8th Oct


Media Release – MR18/37 – Perfect Time for Government to Address Long-Standing Tenanted Farm Issues

The Tenant Farmers Association (TFA) is calling for the Government to turn rhetoric into action by bringing forward much needed changes to the legislative and fiscal environments within which agricultural tenancies operate.


TFA Chief Executive George Dunn said, “The confluence of the Agriculture Bill and the Government’s annual Budget Statement due at the end of this month, provides a rare opportunity for the Government to reformat the basis upon which deals are done between landlords and tenants in the agricultural sector.  The aims should be to promote long-term resilience, sustainability and opportunities for progression”.


The Agricultural Tenancies Act 1995 was brought in with the confidence, at the time, that the open market would deliver sustainable outcomes without the need for the complicated structure imposed by the previous legislative environment.  However, nearly a quarter of a century later, the outcomes are far from sustainable.  This is due to the substantial imbalance of demand over supply.  Landlords can dictate the terms they are willing to offer land to let without having to consider the wider benefits to society of longer and more open terms in their agreements.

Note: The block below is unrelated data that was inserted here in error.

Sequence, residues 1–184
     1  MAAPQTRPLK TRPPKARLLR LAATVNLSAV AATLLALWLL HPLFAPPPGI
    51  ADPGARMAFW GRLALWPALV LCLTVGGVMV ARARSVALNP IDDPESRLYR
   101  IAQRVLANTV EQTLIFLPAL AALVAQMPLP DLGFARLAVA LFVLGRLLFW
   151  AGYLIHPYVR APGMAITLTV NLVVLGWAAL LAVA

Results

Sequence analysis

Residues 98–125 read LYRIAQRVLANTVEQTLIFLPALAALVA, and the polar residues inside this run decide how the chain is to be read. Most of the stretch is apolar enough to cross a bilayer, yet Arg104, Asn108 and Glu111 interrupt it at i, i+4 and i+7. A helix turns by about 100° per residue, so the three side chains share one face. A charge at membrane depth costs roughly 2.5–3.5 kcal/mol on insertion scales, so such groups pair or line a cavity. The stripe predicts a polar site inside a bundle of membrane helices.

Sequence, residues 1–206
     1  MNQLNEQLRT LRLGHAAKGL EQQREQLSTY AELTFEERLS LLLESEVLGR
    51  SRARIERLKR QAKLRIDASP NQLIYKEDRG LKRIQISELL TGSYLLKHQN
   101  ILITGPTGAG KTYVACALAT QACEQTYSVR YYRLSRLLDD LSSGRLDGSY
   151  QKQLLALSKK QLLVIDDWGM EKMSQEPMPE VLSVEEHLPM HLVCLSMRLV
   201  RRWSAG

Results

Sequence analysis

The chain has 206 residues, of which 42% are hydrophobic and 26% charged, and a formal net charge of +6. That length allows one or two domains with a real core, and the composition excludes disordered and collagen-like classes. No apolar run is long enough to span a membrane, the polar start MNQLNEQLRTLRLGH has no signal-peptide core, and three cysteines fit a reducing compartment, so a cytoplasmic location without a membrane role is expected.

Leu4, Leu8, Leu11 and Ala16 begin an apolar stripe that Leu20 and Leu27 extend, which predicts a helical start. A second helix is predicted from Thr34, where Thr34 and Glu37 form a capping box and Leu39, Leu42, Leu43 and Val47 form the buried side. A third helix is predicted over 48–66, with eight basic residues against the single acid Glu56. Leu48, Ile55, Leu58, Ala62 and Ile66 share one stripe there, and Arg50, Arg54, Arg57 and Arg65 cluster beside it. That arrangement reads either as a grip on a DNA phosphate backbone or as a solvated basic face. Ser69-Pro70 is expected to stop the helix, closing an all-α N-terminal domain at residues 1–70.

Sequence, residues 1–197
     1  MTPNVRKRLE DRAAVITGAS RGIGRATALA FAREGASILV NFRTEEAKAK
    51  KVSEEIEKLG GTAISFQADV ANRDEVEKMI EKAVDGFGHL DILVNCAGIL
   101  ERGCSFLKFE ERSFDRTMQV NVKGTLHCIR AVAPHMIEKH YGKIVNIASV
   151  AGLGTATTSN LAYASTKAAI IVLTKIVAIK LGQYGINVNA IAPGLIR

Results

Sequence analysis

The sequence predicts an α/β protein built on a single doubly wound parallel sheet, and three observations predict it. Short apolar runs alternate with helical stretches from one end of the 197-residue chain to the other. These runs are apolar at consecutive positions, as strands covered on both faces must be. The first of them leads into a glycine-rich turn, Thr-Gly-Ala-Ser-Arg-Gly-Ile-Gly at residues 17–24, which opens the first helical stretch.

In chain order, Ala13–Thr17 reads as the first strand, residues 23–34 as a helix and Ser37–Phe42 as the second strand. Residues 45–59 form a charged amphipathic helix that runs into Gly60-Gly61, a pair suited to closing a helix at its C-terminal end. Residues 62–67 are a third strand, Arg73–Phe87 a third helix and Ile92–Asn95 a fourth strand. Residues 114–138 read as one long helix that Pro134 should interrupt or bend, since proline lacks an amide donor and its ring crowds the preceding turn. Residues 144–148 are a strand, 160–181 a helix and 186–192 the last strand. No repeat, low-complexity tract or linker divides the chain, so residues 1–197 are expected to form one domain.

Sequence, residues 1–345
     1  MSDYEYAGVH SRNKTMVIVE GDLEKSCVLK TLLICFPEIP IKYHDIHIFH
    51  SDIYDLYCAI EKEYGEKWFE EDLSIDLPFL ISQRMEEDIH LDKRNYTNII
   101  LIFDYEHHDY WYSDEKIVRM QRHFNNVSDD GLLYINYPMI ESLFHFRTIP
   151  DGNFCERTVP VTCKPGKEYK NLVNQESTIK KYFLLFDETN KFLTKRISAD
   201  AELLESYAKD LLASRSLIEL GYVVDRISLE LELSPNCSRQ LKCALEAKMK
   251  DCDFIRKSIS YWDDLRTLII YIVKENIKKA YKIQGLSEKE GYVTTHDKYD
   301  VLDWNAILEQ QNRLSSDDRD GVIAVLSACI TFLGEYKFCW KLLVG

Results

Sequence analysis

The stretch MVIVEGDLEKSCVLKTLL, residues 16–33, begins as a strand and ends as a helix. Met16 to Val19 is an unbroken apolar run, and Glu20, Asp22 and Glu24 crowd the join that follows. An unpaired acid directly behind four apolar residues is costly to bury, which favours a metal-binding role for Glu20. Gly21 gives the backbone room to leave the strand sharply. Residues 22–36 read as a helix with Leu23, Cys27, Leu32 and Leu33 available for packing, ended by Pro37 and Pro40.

New farm tenancies offer too little security.  Around 85% of all new agricultural tenancies are let for five years or less.  Looking only at those tenancies including a house and buildings, the average length of term falls short of 10 years.  These terms do not provide a reasonable basis to promote resilient, sustainable farm businesses.  This is compounded by the imposition of other restrictive terms on user clauses, repairs and rent.


Several institutional landlords are beginning to use 10 years as a minimum term for many of their leases and research conducted by the CLA shows a tendency towards longer terms amongst its membership.  However, the overall statistics show we have a long way to go.


“We need the Government to take its responsibilities seriously.  The Tenancy Reform Industry Group has provided a raft of sensible, legislative changes which should form part of the Agriculture Bill.  The TFA has also given the Chancellor of the Exchequer a package of taxation changes that he could introduce, without disturbing the public finances, giving a disincentive to shorter term lettings, maximise opportunities for sustainable growth and creating the basis for strong environmental outcomes,” said Mr Dunn.


Ref:  MR 18/37                                                                                   Date: 08 October 2018


Notes for Editors:


For further information contact George Dunn on 07721 998961 or Julia Meadows, TFA Communications and Events Co-ordinator on 0118 930 6130 or 07887 777157.

Share This :